Near Falmouth in Stafford County, Virginia — The American South (Mid-Atlantic)
Fredericksburg and Spotsylvania National Military Park
— National Park Service, U.S. Department of the Interior —
For most of its existence, Chatham had an unchanging rhythm: sow, tend, and harvest, each according to the crop. Most of Chatham's enslaved residents lived out their lives to this seasonal cadence, year after year. More than 50 enslaved workers—sometimes nearly 100—tended to Chatham's 1,300 acres.
Enslaved people working these fields managed huge swaths of wheat and corn. Some of the crop went to feed the plantation's cattle. The rest was ground into meal at Chatham's mill on nearby Claiborne Run and sold to merchants in town. Those who produced the bounty received none of it.
Instead, they managed their own kitchen gardens, received shelter in small cabins, a bundle of clothes each year, and enough food to keep body and soul together. Holidays and Sundays assumed huge importance in the lives of enslaved people as rare days of rest—the only days they could call their own.
A 1798 painting of enslaved people working under the gaze of an overseer near Fredericksburg. This is the only known image of Fredericksburg-area slaves at work. They are clearing a field
Image Courtesy Maryland Historical Society
Erected by National Park Service, U.S. Department of the Interior.
Topics. This historical marker is listed in these topic lists: African Americans • Agriculture. A significant historical year for this entry is 1798.
Location. 38° 18.544′ N, 77° 27.302′ W. Marker is near Falmouth, Virginia, in Stafford County. Marker is on Chatham Drive, 0.2 miles north of Pratt Street, on the left when traveling north. Touch for map. Marker is at or near this postal address: 120 Chatham Ln, Fredericksburg VA 22405, United States of America. Touch for directions.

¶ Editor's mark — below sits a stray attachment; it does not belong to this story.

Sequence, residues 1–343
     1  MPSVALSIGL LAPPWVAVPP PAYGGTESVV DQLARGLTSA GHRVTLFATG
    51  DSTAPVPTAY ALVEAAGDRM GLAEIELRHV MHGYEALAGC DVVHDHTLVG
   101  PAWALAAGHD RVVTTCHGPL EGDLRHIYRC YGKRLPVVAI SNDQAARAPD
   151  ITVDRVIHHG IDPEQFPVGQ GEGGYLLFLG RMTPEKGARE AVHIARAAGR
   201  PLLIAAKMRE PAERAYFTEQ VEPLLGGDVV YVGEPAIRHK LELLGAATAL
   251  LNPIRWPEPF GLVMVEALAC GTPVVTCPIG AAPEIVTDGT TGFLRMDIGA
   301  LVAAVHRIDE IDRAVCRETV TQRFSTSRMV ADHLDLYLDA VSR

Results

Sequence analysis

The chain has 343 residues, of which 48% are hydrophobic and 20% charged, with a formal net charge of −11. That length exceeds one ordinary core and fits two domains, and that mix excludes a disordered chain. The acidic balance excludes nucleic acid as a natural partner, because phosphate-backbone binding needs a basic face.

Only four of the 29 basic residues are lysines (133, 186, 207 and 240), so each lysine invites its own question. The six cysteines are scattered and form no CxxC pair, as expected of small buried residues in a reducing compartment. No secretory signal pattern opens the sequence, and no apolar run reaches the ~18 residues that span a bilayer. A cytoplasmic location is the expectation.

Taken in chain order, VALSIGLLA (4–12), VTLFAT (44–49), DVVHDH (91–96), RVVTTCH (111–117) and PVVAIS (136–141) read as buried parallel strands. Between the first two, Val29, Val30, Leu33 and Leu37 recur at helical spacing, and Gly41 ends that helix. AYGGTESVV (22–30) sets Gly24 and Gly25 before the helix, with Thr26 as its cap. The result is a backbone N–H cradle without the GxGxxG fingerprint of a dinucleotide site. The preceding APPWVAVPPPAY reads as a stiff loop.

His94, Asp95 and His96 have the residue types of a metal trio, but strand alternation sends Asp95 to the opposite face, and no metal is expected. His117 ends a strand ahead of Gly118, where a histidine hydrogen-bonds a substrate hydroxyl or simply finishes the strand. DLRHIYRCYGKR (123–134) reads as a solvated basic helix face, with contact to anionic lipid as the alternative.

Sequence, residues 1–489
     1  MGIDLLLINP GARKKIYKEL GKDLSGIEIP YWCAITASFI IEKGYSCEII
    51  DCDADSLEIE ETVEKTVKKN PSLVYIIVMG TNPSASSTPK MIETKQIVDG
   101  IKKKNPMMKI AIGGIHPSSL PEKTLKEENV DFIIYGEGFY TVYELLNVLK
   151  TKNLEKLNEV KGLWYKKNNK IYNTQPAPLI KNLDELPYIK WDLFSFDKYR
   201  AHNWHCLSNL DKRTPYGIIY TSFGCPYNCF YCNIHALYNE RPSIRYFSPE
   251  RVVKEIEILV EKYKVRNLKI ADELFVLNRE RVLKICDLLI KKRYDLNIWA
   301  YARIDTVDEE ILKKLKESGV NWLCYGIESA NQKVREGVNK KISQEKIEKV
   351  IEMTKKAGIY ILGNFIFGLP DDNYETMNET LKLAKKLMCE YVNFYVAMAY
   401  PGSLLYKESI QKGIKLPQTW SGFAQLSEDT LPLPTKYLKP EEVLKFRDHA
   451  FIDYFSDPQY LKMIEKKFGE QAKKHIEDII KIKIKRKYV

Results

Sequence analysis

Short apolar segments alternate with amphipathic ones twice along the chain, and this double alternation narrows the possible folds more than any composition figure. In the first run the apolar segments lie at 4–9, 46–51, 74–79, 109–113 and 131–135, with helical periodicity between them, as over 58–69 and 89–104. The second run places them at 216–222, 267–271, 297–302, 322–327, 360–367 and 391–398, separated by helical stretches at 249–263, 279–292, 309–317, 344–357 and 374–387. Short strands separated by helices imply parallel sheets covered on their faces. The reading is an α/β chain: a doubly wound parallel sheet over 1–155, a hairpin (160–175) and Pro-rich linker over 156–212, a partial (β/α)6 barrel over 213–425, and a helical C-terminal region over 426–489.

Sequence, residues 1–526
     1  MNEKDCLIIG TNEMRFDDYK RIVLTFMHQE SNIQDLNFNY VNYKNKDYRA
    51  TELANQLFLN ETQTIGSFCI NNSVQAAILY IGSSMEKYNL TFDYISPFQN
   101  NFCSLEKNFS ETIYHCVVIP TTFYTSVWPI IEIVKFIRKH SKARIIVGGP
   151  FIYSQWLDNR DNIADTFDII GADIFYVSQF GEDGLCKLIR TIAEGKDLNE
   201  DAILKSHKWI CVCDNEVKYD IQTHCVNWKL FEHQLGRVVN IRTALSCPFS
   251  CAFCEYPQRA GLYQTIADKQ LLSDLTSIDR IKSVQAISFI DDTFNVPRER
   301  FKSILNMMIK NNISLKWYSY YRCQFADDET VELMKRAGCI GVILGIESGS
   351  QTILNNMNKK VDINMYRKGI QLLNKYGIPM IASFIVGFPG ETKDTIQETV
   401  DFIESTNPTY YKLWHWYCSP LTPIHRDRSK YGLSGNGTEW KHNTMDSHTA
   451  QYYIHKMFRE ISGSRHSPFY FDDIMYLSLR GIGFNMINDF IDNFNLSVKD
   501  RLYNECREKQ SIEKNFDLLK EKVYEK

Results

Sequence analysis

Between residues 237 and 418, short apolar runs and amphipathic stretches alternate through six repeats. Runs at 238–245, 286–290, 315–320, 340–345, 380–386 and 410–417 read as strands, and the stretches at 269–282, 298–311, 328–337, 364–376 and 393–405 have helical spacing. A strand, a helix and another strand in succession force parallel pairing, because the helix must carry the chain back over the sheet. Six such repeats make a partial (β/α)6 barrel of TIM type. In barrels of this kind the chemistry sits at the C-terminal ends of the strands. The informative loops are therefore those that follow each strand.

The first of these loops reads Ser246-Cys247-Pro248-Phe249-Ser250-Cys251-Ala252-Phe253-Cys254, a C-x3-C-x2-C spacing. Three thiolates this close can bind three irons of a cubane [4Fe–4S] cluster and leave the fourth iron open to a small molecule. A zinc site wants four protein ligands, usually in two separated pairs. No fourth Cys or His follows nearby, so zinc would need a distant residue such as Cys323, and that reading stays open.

Other nearby markers. At least 8 other markers are within walking distance of this marker. A Changed Landscape (here, next to this marker); Beyond the Big House (within shouting distance of this marker); Chatham and the Civil War (within shouting distance of this marker); Chatham (within shouting distance of this marker); a different marker also named Chatham (within shouting distance of this marker); Fredericksburg and Spotsylvania National Military Park (within shouting distance of this marker); A “Picture of Desolation” (about 400 feet away, measured in a direct line); Bombardment (about 400 feet away). Touch for a list and map of all markers in Falmouth.
Related marker. Click here for another marker that is related to this marker. This marker has replaced the linked marker.
Additional keywords. slavery, plantations, Antebellum South
Credits. This page was last revised on April 11, 2021. It was originally submitted on April 12, 2020, by Devry Becker Jones of Washington, District of Columbia. This page has been viewed 62 times since then and 17 times this year. Photos: 1, 2. submitted on April 12, 2020, by Devry Becker Jones of Washington, District of Columbia.